sudo yum install -y python3-tripleoclient

Configure and deploy

Standalone configuration

You need to create several configuration files before you can deploy your standalone environment.

The first file is the containers-prepare-parameters.yaml file, which will be used to pull your containers. Use the TripleO client to create a base file:

OpenStack tripleo container image prepare default --local-push-destination --output-env-file containers-prepare-parameters.yaml

Next, update the push_destination to false and the namespace to pull from

nano containers-prepare-parameters.yaml
push_destination: false

Next, configure the network settings utilizing a single NIC configuration. Before you proceed, you need to determine the interface your standalone network is on. Note that the interface may not be configured yet, so it will be the interface without an IP.

ip addr

To reuse parameters during the configuration of the standalone_parameters.yaml and then the installation, export the parameters into the buffer as follows:

export IP=
export VIP=
export NETMASK=24
export GATEWAY=
export INTERFACE=<interface>

Now, create the standalone_parameters.yaml file by using cat:

cat <<EOF > $HOME/standalone_parameters.yaml
  CloudName: $IP
  # default gateway
    - ip_netmask:
      next_hop: $GATEWAY
      default: true
  Debug: true
  DeploymentUser: $USER
  # needed for vip & pacemaker
  KernelIpNonLocalBind: 1
    - $IP:8787
  NeutronPublicInterface: $INTERFACE
  # domain name used by the host
  CloudDomain: localdomain
  NeutronDnsDomain: localdomain
  # re-use ctlplane bridge for public net, defined in the standalone
  # net config (do not change unless you know what you're doing)
  NeutronBridgeMappings: datacentre:br-ctlplane
  NeutronPhysicalBridge: br-ctlplane
  # enable to force metadata for public net
  #NeutronEnableForceMetadata: true
  StandaloneEnableRoutedNetworks: false
  StandaloneHomeDir: $HOME
  InterfaceLocalMtu: 1500
  # Needed if running in a VM, not needed if on baremetal
  NovaComputeLibvirtType: qemu

Now you are ready to deploy the TripleO standalone environment using the following command:

sudo openstack tripleo deploy \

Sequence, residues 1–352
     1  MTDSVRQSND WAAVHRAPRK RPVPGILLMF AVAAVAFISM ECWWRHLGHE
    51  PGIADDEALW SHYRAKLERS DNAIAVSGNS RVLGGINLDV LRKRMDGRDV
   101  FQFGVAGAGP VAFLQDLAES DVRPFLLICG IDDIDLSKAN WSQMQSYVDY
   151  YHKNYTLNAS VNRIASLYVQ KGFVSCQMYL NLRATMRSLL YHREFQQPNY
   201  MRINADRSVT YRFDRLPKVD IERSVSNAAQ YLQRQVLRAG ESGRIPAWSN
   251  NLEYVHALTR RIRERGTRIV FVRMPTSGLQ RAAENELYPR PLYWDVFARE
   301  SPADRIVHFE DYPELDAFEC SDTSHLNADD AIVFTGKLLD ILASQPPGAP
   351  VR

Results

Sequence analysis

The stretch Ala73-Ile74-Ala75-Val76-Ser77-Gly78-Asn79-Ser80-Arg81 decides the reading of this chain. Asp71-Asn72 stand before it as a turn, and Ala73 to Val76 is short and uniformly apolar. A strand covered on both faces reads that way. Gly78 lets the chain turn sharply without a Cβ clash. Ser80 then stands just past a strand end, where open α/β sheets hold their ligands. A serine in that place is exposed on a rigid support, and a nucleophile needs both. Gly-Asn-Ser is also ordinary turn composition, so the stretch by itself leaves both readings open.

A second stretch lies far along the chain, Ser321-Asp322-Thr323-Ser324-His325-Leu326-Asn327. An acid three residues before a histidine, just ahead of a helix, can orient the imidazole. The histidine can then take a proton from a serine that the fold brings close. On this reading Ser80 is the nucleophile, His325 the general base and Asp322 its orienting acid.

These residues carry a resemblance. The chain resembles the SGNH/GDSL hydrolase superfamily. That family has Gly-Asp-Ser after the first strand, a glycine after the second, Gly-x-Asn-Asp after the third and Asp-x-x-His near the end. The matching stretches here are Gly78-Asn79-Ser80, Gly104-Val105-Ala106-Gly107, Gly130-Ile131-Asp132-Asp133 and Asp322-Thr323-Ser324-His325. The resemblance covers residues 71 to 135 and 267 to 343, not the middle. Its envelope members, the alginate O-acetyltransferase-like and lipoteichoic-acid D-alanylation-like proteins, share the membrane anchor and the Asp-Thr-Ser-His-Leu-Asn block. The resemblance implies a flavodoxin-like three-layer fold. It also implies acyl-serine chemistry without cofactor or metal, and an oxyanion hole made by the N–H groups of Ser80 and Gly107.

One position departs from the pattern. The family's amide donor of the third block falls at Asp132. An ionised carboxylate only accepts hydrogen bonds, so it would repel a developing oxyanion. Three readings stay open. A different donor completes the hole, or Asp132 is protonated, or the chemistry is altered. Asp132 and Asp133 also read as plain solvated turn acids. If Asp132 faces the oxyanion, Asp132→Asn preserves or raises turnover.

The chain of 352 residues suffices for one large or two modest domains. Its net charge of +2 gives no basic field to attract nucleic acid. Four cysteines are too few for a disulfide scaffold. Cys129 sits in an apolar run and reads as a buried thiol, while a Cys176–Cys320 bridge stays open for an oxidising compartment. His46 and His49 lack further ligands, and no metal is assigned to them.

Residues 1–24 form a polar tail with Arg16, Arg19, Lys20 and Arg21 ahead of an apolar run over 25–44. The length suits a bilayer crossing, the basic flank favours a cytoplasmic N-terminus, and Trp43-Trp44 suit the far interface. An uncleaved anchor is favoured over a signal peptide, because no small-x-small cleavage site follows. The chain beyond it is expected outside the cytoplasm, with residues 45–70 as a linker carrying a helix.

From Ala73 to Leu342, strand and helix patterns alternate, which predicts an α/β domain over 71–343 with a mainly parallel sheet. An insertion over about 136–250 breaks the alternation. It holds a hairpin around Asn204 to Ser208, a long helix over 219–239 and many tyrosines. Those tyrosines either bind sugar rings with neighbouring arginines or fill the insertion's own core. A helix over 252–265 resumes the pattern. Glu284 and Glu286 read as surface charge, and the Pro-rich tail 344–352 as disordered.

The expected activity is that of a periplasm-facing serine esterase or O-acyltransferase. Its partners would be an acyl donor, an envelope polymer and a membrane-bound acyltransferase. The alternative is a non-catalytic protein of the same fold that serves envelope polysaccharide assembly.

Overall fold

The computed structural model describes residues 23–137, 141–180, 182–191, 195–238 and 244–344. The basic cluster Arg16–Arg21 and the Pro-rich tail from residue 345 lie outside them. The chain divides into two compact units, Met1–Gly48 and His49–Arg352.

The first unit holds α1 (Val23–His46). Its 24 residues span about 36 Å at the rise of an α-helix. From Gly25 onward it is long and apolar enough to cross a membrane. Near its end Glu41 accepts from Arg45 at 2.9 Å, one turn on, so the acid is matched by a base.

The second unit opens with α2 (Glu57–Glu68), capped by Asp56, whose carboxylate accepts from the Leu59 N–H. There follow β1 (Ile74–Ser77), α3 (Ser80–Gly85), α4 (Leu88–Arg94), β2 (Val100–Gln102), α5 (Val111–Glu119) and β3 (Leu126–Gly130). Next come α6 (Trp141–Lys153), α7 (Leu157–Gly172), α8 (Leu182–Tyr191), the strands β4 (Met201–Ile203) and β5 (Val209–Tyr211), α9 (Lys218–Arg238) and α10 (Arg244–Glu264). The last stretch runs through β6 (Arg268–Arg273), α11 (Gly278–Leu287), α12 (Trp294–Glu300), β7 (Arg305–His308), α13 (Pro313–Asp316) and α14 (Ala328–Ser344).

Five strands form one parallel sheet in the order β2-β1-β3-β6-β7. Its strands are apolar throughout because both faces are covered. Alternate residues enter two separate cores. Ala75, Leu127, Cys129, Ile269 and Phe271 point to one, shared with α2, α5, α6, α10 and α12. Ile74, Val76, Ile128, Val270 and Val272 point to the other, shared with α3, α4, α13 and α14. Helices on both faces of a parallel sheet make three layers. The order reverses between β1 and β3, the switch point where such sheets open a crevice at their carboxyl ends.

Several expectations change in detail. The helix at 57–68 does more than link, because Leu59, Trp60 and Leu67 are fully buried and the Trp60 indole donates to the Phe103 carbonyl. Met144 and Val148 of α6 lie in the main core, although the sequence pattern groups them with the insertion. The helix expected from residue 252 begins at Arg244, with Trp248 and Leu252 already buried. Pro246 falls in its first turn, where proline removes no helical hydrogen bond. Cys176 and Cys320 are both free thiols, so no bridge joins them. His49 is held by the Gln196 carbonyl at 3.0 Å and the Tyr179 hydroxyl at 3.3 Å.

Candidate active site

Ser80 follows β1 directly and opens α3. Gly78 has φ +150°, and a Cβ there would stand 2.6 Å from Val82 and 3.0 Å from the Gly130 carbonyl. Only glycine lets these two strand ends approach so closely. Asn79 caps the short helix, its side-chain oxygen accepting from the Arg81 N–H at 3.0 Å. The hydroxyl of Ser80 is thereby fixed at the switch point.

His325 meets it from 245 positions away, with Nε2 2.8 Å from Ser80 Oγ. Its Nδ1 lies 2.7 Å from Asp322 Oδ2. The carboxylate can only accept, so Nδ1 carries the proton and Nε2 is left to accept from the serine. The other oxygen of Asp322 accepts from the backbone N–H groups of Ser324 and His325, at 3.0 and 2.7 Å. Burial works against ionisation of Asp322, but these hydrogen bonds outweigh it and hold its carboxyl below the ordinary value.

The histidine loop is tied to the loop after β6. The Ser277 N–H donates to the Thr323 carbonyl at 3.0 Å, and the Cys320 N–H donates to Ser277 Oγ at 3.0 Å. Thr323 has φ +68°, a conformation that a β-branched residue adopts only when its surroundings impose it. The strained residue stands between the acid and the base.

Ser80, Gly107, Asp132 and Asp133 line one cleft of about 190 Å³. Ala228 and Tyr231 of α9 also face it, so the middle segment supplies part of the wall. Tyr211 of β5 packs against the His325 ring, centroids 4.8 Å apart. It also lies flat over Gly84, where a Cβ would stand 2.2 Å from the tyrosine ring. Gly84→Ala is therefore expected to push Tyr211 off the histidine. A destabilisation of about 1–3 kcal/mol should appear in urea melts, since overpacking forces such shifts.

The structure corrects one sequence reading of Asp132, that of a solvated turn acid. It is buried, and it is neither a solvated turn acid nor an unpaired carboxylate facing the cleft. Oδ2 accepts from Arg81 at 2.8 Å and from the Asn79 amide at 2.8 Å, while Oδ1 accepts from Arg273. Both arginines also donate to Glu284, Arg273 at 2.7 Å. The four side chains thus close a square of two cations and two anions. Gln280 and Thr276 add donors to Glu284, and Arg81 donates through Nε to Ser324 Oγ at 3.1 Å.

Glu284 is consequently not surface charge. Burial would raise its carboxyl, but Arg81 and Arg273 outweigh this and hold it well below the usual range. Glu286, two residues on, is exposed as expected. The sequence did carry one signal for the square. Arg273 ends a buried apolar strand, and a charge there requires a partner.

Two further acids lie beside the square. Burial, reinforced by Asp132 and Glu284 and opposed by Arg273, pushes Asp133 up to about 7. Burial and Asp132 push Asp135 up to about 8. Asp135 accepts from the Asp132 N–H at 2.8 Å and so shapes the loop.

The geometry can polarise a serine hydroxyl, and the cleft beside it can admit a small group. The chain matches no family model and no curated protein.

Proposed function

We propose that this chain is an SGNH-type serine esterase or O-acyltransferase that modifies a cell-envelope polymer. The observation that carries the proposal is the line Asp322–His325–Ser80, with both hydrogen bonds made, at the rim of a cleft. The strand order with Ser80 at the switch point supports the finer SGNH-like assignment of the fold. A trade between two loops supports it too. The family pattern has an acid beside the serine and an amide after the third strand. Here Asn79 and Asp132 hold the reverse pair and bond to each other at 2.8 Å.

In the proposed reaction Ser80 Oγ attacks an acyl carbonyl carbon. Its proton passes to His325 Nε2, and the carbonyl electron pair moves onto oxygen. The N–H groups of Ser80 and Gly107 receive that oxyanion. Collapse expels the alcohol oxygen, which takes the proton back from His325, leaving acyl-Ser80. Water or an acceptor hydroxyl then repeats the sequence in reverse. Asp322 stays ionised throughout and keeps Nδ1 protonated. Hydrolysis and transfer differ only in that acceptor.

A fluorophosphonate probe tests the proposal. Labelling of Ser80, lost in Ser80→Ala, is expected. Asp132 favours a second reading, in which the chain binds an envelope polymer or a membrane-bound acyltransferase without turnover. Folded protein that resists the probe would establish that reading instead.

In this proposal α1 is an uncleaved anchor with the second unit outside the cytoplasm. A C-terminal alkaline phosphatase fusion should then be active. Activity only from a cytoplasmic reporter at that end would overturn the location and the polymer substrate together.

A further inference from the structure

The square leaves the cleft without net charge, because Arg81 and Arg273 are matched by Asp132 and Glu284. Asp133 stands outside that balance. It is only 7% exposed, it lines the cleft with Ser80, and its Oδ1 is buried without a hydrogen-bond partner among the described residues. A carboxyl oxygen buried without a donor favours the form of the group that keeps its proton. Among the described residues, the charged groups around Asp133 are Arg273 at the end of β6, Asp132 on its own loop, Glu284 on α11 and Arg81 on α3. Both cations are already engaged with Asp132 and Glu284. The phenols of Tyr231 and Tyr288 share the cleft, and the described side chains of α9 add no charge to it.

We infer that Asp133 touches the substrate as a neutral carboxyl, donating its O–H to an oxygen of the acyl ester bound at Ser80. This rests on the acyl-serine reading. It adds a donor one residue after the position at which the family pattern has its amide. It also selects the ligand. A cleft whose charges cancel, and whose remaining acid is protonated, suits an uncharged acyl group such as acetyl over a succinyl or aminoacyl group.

--templates \
  --local-ip=$IP/$NETMASK \
  --control-virtual-ip $VIP \
  -e /usr/share/openstack-tripleo-heat-templates/environments/standalone/standalone-tripleo.yaml \
  -r /usr/share/openstack-tripleo-heat-templates/roles/Standalone.yaml \
  -e $HOME/containers-prepare-parameters.yaml \
  -e $HOME/standalone_parameters.yaml \
  --output-dir $HOME \

Installation verification

You can now verify the OpenStack CLI:

export OS_CLOUD=standalone
openstack endpoint list

Creating a flavor, image, key pair, security group, network, and server

Now that you have installed and verified your standalone environment, it is ready to use. Create a small instance named myserver, which runs Cirros and the components needed to accomplish this. Before we start, configure the command line to access the deployment:

export OS_CLOUD=standalone


You are now ready to configure the tiny flavor you are using and then verify its creation:

openstack flavor create --ram 512 --disk 1 --vcpu 1 --public tiny
openstack flavor list


Now that you have a flavor, download the Cirros image and then configure Glance to use it. Verify it was created:

openstack image create cirros --container-format bare --disk-format qcow2 --public --file cirros-0.5.0-x86_64-disk.img
openstack image list

Key pair

In order to connect to our VMs without needing to type a password, create a new SSH key on the standalone system, upload it as a key pair named default, and verify it is created:

openstack keypair create --public-key ~/.ssh/ default
openstack keypair list

Security group